Consumer Duty – The Adviser Impacts

Catherine Thirlaway, Emily Stapleton

As all financial services firms consider the impact of the new Consumer Duty rules, a recent Royal London report [1] found that 19% of advisers surveyed were unaware of the new Consumer Duty whilst a further 27% did not expect to have to make changes to their businesses or practises following the introduction of the regulations. At Alpha we believe there will be changes required for all types of Advice firms, regardless if they have 1 or 100 advisers. In this era of data-led supervision by the FCA, adviser firms will have to consider how they evidence compliance with the cross-cutting rules and four outcomes stated by the FCA.


The Consumer Principle

Advisers are already at the forefront of delivering good outcomes for retail customers, as through planning they actively seek to understand and align their clients’ needs and goals with appropriate solutions. However, advisers will have to do more to document and evidence that their solutions and recommendations deliver good outcomes for their customers.

Simply relying on existing processes including lengthy suitability reports and disclosures will not be sufficient to evidence good outcomes.  Wide reaching elements of how a firm operates will need to be framed within the Consumer Principle, particularly how firms;

  • Identify and engage with prospective and existing clients;
  • Charge clients for their services and the value received;
  • Identify and oversee the products and providers they select for their clients;
  • Evidence ongoing alignment of the solution to the clients needs;

Documenting and evidencing all the above elements will not be an easy task, especially against the backdrop of a short implementation period (9 months), as well as the need to maintain high quality services for existing clients.

The Cross-cutting Rules

Advisers need to consider if their client facing materials and processes, created and edited through preceding regulatory change and compliance reviews, align in good faith with their retail clients’ needs.

Alpha also believes that the need to avoid foreseeable harm is seriously jeopardised by the facilitation of execution-only actions when instructed by the client against the recommended advice. Adviser firms who derive a revenue from this will need to review the provision of these services and think quite seriously how they fit with the regulation.

For adviser firms to demonstrate that they are enabling and supporting retail customers to pursue their financial objectives we believe that firms are going to have to revise their factfinding and client information gathering processes. The focus will no longer be on just capturing the information, but rather being able to evidence advisers have engaged and educated clients through the process.

The Four Outcomes

Finally, we believe how advisers evidence the Consumer Understanding and Consumer Support outcomes is going to have meaningful impacts on business models and data gathering, specifically with regards to:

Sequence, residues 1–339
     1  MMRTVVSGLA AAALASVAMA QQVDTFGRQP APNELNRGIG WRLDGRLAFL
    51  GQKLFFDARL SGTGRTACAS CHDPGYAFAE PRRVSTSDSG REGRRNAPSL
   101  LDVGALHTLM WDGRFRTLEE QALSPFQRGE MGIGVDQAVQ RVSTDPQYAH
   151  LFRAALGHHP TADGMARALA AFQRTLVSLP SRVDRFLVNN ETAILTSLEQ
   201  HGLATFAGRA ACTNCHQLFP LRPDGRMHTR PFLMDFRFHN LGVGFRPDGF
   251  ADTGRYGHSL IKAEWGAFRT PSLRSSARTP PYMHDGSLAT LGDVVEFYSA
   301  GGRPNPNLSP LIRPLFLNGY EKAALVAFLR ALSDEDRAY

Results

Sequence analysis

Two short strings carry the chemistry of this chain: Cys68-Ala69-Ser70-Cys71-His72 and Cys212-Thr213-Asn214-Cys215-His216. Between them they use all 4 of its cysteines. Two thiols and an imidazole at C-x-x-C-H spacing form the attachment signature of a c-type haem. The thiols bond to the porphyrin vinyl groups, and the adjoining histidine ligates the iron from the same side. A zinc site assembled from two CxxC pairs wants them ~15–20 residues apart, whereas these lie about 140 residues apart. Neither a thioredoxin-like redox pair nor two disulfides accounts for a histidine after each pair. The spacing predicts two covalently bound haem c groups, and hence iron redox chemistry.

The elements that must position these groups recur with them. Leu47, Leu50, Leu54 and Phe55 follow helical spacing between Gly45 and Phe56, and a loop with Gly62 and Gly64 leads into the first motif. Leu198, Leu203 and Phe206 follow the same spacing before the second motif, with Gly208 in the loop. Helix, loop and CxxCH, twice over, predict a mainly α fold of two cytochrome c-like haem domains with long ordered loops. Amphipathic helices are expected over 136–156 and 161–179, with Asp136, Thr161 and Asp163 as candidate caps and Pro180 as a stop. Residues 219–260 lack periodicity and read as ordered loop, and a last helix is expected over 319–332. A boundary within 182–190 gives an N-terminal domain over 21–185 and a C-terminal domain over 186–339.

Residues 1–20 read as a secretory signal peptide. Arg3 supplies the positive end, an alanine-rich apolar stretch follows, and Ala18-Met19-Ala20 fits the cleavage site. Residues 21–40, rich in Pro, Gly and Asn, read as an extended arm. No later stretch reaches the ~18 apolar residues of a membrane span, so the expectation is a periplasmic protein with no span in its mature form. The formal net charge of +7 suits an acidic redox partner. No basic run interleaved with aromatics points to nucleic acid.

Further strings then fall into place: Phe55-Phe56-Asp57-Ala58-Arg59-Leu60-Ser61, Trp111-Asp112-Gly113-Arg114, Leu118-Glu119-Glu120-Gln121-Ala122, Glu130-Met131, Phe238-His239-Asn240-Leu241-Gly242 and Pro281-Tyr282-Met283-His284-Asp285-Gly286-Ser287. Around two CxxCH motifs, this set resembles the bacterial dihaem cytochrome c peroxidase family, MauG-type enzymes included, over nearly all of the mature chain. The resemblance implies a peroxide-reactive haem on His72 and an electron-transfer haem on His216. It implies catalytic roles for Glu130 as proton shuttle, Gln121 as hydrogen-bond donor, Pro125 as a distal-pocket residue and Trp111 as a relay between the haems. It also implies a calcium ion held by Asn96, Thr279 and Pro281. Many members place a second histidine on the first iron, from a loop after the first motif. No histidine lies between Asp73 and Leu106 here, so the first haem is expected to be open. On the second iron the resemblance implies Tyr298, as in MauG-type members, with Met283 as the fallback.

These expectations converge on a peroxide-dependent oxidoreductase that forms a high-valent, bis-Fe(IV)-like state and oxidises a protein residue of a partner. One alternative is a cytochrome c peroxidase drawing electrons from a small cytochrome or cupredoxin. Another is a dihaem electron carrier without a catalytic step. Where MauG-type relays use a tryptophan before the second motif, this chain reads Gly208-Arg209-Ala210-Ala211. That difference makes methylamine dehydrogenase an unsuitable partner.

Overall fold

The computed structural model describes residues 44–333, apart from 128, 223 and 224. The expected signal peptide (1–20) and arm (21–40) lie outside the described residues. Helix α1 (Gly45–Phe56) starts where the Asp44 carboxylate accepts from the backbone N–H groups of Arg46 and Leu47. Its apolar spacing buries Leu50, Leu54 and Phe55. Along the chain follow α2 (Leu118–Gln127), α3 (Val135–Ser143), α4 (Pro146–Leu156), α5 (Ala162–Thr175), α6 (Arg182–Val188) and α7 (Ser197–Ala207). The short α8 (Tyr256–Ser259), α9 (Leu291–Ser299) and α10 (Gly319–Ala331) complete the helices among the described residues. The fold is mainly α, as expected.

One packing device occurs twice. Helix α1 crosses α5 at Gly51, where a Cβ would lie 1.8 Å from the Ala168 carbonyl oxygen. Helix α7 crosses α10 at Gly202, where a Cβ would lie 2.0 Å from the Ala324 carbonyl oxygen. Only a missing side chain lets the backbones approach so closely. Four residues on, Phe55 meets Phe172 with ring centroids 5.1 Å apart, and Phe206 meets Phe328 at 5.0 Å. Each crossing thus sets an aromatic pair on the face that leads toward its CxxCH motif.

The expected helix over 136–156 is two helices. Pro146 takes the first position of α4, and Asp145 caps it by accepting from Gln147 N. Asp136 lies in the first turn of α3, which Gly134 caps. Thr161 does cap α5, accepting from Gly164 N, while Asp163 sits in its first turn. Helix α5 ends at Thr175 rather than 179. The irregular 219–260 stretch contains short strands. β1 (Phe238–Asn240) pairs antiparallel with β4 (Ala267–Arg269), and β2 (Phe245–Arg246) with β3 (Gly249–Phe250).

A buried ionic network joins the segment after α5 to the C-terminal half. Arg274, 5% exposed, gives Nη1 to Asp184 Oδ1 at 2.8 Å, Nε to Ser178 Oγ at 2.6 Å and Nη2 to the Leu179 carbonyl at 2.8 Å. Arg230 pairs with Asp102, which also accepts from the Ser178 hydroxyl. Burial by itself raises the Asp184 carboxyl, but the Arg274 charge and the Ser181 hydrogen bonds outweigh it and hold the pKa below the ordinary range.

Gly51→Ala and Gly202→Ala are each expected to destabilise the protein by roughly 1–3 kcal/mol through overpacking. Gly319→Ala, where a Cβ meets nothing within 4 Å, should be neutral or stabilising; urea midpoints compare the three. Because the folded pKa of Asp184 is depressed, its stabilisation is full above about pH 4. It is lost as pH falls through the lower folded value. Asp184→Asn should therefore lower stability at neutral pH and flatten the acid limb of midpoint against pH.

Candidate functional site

• how advisers evidence client understanding of the products and services being recommended
  • how advisers provide timely support to clients through onboarding and ongoing reviews, especially when dependent on third party providers
  • how advisers demonstrate that products and services represent fair value and align to the client’s needs as articulated during fact-finding

This is a particularly acute issue considering many clients engage advisers with the specific desire to ‘outsource’ the need to understand the complex world of financial services.

What next?

Whilst there is undoubtedly a lot of work to get firms and advisers Consumer Duty ready, the good news is you’re not alone. Advisers will need to work with their product and service providers who are all considering the nuances of the regulation on their businesses. The spirit of the new rules will only truly be met if all the players in the Financial Services ecosystem demonstrate that they’re working together for the good of the end client/consumer.


How Alpha can help:

Alpha has developed a Consumer Duty Toolkit to support our advisers and their firms with gap analysis and implementation, if you would like to discuss how we can support you or would like to discuss the new Consumer Duty proposals further, please get in touch

[1] “Counting Down to the Consumer Duty” Royal London, May 2022: Counting down to the Consumer Duty (

About the Authors

Catherine Thirlaway
Senior Manager

Catherine is a Senior Manager within Alpha’s Pension and Retail Investments practice specialising in Wealth Management and Financial Advice Strategy, transformation and M&A. Catherine has over 15 years experience working in a variety of industry and consulting roles. Catherine has experience supporting a variety of clients with propositional and regulatory change as wealth propositional design and build.

Emily Stapleton

Emily is a Manager at Alpha and has over 5 years worth of experience working with Wealth Managers, Pension and Retail Investment providers and Asset Managers.
Emily manages Alpha’s consumer duty proposition within the Pension and Retail Investments practice, and has experience supporting numerous firms to deliver their strategic initiatives in line with major industry changes.
Emily is also the UK Lead of Alpha’s Gender Equality Committee.